I have long been bothered by the Rambam’s treatment of תשובה in his Mishnah Torah. Rambam tells us (הלכות תשובה) that “there is a positive commandment and that is when a sinner turns away from his sin before Hashem and confesses.” In the successive chapters, of which there are a total of ten, Rambam does flesh out the idea of teshuvah in a thorough and broad manner; but his original definition remains the foundation – the individual acting in response to previous misdeeds, and in response to the need to be a person drawing closer to God. To be sure, the final words in Hilchot T’shuvah (י:ו) focus on the positive drive of love of God; but they still rest on the shoulders of the individual. Says our master, the Rambam: “it is known and clear that love of the Holy Blessed One is only bound in a person’s heart when he is suitably obsessed (distracted) by it; and he abandons everything else in the world other than this, as the Torah commands ‘with all your heart and with all your soul’. One must use his mind to know Him, and in proportion to his knowledge will come his love for God. If little, then little; and if much, then much. Therefore a person must dedicate himself to understand and learn by way of the wisdoms and insights that inform him regarding his Creator according to the ability that a person has to understand and to grasp this, as we have already indicated in Hilchot Y’sodei HaTorah.” Rambam began Hilchot T’shuvah with a sinner regretting and turning away from his sin; and ended these halachot with the goal of all the Torah, which is to grow in love of God. All along the way, the discussion is couched in individual terms. At the end, talk of love of God alludes to a vaster scale if we think of it. God is infinite, and the possibility of love of God is infinite. If teshuvah is to culminate in a complete devotion and love of God, than we must think of that on an endless scale. Rambam wanted the presentation to be concrete enough to be practical, but alluded at the end to the far greater scale really involved.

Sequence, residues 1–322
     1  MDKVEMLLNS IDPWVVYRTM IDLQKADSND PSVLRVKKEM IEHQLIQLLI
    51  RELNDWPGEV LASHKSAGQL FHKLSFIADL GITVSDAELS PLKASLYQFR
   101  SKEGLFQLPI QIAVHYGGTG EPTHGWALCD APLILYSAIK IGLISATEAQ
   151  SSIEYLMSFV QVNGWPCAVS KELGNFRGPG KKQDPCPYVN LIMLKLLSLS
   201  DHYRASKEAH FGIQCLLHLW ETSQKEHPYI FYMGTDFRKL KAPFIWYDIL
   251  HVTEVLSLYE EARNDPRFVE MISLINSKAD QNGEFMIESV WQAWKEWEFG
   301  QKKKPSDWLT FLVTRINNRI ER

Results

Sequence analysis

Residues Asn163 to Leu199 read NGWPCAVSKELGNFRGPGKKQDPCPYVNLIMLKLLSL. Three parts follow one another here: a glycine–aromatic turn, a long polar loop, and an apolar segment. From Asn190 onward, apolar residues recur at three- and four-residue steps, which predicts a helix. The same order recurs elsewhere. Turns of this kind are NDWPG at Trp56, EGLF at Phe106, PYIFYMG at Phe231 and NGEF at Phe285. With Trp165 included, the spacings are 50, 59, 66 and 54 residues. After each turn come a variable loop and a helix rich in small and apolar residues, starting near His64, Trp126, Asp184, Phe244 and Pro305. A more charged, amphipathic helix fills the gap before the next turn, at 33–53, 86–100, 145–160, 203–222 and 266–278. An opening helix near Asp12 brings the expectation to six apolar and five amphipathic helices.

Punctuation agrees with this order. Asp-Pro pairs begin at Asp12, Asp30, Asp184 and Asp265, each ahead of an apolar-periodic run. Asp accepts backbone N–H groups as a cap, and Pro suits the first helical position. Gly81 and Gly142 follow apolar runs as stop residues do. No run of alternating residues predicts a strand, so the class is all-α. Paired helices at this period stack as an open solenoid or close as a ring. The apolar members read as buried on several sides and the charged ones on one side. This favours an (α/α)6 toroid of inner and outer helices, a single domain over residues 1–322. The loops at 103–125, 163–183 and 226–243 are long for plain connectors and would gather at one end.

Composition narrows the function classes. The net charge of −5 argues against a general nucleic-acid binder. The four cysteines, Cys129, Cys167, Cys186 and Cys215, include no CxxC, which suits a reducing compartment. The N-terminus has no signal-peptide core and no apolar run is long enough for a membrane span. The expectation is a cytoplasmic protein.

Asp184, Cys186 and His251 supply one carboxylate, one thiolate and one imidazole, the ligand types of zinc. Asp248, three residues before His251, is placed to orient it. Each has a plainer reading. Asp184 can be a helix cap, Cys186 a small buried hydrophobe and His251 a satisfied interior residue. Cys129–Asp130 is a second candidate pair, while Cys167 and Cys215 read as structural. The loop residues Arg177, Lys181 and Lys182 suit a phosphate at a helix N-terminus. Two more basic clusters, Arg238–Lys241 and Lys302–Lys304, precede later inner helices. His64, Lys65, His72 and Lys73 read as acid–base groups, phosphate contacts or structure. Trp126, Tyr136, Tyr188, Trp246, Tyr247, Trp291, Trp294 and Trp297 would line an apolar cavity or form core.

Truly, the scope of the Torah is greater than any one individual man or woman, greater than a community, or even an entire generation. In fact, I would say that the scope of Torah is greater even than humanity. And the notion of T’shuvah is as great as all of Creation, all of existence; as I hope to at least partially explain. I think Rambam spoke in such an individual focus largely because he was writing specific guidance and instruction, halachot, regarding a defined mitzvah. The individual scale is the scale on which we can apply these laws, and that is how he wrote them. But I would like to try and expand our perspective, and look at t’shuvah on a grander scale.